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Characteristics of Helpful, Non-threatening Feedback PowerPoint PPT Presentation


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Characteristics of Helpful, Non-threatening Feedback. Psyc 4030. Behavior not the person. Refer to what a person does Not what you imagine he/she is. Use adverbs (which relate to actions) Not adjectives (which relate to qualities) Say a person " talked considerably in this meeting,"

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Characteristics of Helpful, Non-threatening Feedback

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Characteristics of helpful non threatening feedback l.jpg

Characteristics of Helpful, Non-threatening Feedback

Psyc 4030


Behavior not the person l.jpg

Behavior not the person.

  • Refer to what a person does

  • Not what you imagine he/she is.

  • Use adverbs (which relate to actions)

  • Not adjectives (which relate to qualities)

  • Say a person "talked considerably in this meeting,"

  • Not this person "is a loudmouth.“


Observations not inferences l.jpg

Observations not Inferences.

  • Observations refer to what you can see or hear in the behavior of another person,

  • Inferences refer to interpretations and conclusions which you make from what you see or hear.

  • Inferences contaminate your observations

  • When inferences or conclusions are shared, it is important that they be so identified.

  • Your hands are shaking vs. you were nervous.


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Describe don’t Judge

  • The effort to describe represents a process for reporting what occurred,

  • Judgment refers to an evaluation in terms of good or bad, right or wrong, nice or not nice.

  • Judgments arise out of a personal frame of reference or value system,

  • Description represents neutral (as far as possible) reporting.

  • This is the third time you failed to complete your assignment on time

  • Not, you are lazy, or you are careless.


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“More or Less" not “Either-or."

  • This terminology implies that the behavior falls on a continuum.

  • Stress quantity, which is objective and measurable vs.

  • Quality, which is subjective and judgmental

  • Low participation to high participation not "good" or "bad" participation.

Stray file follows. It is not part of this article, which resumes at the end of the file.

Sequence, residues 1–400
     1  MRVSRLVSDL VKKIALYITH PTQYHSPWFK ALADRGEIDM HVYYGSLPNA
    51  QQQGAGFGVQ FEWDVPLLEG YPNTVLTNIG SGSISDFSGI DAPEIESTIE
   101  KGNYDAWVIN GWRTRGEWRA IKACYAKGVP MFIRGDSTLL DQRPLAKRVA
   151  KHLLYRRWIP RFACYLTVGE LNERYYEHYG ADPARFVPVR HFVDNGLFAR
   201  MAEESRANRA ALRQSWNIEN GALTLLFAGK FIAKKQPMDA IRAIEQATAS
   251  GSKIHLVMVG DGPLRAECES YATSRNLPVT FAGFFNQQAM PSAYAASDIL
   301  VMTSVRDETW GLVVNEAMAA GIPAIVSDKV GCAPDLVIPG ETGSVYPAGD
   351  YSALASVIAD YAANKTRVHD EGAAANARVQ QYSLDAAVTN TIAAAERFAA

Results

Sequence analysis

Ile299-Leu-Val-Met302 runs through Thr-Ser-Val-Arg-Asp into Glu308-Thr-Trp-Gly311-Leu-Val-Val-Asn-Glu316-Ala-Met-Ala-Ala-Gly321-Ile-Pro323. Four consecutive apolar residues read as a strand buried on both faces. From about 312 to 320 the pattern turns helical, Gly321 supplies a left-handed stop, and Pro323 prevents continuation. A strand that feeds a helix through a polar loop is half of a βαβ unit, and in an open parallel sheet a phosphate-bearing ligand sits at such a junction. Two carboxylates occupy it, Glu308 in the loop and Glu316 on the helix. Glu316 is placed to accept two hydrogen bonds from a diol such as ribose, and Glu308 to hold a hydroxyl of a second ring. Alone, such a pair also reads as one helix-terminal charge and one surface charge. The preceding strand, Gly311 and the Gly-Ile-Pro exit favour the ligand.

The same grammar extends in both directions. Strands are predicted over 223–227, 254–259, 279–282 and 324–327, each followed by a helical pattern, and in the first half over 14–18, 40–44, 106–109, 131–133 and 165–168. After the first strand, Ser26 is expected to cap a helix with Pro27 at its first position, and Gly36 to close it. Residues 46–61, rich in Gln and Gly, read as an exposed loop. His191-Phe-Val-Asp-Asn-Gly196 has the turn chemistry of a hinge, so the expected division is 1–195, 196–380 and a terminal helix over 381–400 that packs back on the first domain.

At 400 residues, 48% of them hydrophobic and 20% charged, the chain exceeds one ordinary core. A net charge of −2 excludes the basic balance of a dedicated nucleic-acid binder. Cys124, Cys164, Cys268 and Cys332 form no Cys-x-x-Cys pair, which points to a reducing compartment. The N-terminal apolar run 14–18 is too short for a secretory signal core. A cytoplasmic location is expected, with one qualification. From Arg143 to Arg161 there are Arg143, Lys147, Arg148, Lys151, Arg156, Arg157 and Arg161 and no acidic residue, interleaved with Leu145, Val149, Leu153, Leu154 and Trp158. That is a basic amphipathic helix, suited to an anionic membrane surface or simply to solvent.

• Would you want to work on increasing your frequency of telling the truth

  • Would you like to stop being a liar?


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Specific Situation, “Here and Now," not Abstract Behavior “There and Then."

  • Behavior is situation specific

  • Time and place increase understanding of behavior.

  • Feedback is most meaningful if you give it as soon as it is appropriate to do so.

  • Not Something you said last week has been bothering me. (This may be necessary for counselors)

  • Instead, What you just said bothers me.


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Advise Tentatively with Alternatives

  • People should decide for themselves, in the light of their own goals in a particular situation at a particular time.

  • Save direct and specific advice for crisis situations

  • Not: You shouldchange jobs

  • Rather: Several possibilities you might considerare


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Evaluate Alternatives

  • Ask what is the risk and what is the benefit of each option

  • Ask the client to choose which is the best for them?

  • Usually about 3 options is best.

  • Not, this is what you should do

  • Rather, which of these three is best for you right now?


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Feedback Must Help the Client Not Relief for the Counselor

  • Serve the needs of the client not the needs of the counselor

  • Client should (almost) always retain the option to act on the feedback.

  • (Legal and clear moral issues are exceptions)

  • If this is something you are ready for here are some options to consider vs.

  • You really need to hear this.


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Choose Your Dose Based on Client Capacity

  • Less is more, more is less

  • Avoid meeting your own need to dump.


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Choose Your Moment & Place

  • Weigh the many possible reactions

  • Consider Privacy

  • Consider Overall Emotional Load

  • Avoid the end of the session


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Avoid Guessing Motives

  • When you relate feedback to the what, how, when, where, of what is said, yourelate it to observable characteristics.

  • Avoid the “why” (motive)

  • You criticized her when she was crying

  • You wanted to hurt her


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Summary

Behavior not the person.

Observations not Inferences

Description not Judgment

“More or Less" Behavior not “Either-or.“

Specific Situation, “Here and Now," not Abstract Behavior “There and Then."

Give Advice Tentatively and with Alternatives

Evaluate Alternatives

Feedback Must Help the Client Not Relieve the Counselor

Choose Your Dose Based on Client Capacity

Choose Your Moment & Place

Avoid Guessing Motives


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